We punish successful attempts more severely than we punish failed attempts. Lewis worries that this might be unfair on the grounds that it involves giving different punishments to equally culpable people. His article gives an argument for the conclusion that our practices are fair, despite appearances. However, Lewis himself seemed only partly convinced by the argument.
Lewis’s argument comes in two parts. First, he argues that a system that runs a lottery to determine punishments for those convicted of crimes would be fair. Second, he argues that the way our system treats attempted crimes amounts to a punishment lottery: attempting to commit a crime amounts to entering the lottery and whether you succeed or not is the random element that determines whether you get the payoff of punishment. Taken together, this shows that the way our system treats attempted crimes is fair.
We were most hung up on the first part: we were not convinced that a punishment lottery would be fair. Consequently, our discussion did not really progress to the second part, namely, that our treatment of attempts is fair because it is a punishment lottery.
The idea behind the lottery is that everyone gets equal treatment: they all have the same risk of something bad happening to them or, in other words, lottery tickets of equal value. But most of us did not think that having an equal lottery ticket was the same thing as getting equal treatment.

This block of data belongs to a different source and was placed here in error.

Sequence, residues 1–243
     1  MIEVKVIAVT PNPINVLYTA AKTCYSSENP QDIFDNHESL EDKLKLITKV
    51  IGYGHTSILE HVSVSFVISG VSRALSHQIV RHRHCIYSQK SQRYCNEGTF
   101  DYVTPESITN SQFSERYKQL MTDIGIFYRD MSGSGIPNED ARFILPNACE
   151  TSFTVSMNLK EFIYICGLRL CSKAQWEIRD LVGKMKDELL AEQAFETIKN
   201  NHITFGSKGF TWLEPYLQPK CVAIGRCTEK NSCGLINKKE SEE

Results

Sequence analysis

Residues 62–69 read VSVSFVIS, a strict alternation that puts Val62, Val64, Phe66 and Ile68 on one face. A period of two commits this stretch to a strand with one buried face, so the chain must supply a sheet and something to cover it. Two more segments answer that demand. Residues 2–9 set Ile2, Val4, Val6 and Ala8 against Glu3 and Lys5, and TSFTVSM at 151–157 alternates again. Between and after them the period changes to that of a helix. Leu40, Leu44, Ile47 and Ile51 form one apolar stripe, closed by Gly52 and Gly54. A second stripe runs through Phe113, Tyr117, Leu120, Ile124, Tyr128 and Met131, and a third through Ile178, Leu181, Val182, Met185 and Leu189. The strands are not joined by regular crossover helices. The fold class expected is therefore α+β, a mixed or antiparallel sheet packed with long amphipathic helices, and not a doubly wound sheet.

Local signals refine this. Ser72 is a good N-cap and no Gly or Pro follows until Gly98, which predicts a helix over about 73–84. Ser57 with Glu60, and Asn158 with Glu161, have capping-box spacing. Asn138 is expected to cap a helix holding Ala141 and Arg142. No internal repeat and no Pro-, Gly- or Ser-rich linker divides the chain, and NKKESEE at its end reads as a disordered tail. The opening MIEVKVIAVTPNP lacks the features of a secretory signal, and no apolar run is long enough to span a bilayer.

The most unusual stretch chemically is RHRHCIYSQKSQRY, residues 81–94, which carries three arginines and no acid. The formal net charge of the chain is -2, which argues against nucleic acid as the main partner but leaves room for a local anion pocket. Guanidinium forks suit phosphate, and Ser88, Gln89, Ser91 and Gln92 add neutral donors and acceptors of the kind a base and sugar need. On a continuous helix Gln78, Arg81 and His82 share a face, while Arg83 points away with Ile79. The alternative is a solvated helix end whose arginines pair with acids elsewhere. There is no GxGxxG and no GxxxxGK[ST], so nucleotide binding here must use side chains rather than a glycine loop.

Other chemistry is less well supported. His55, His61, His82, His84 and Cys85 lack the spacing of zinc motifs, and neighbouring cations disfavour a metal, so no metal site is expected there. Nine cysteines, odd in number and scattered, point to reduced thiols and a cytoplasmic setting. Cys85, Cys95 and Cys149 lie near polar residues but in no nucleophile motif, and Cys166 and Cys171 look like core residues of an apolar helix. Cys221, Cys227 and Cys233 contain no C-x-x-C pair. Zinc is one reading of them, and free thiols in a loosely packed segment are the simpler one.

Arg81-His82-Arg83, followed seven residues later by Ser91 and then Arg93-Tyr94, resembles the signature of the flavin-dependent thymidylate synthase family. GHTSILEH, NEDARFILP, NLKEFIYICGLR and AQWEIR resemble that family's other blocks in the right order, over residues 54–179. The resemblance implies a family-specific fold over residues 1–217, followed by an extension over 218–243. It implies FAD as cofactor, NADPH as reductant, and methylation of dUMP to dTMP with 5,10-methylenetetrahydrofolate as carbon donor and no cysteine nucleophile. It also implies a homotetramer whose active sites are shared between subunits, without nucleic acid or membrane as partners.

Gabe proposed an analogy with other rights. The equal right to vote does not mean that everyone gets an equal chance of winning the voting lottery in which, say, 60% of the population is allowed actually to vote. So why should equal punishment be different?
Mollie suggested that punishment might be different if society did not have the resources to punish everyone equally. Voting is not a scarce good, so limiting it by lottery is unfair. But punishment is expensive and so might legitimately be scarce if a society does not want to pay for punishing everyone equally. (You might say that no society is allowed to do that and that punishment must be strictly equal, I should add.) When something is scarce, a lottery might be a legitimate way of distributing it.
Nonetheless, Mollie joined Gabe in thinking that a punishment lottery would be unjust. They both stopped at Lewis’s second “no,” for what it’s worth (p. 61).
There was a significant contingent that did not think equal treatment matters. If rehabilitation is the only legitimate goal of punishment, then the steps taken to rehabilitate one criminal may be different from those taken to rehabilitate a different one. To put it another way, one person’s rehabilitation may take a lot more time than another’s, so the first might be detained for rehabilitative purposes longer than the second even if they both committed the same crime.
Lane, Mollie (again!), Ben, and Taylor all felt the attraction of this view.
If that is right, then the fairness of treating those who merely attempt crimes without successfully completing them is beside the point. They should all be detained for rehabilitative purposes and how long they are detained has to depend on how long it takes to rehabilitate them.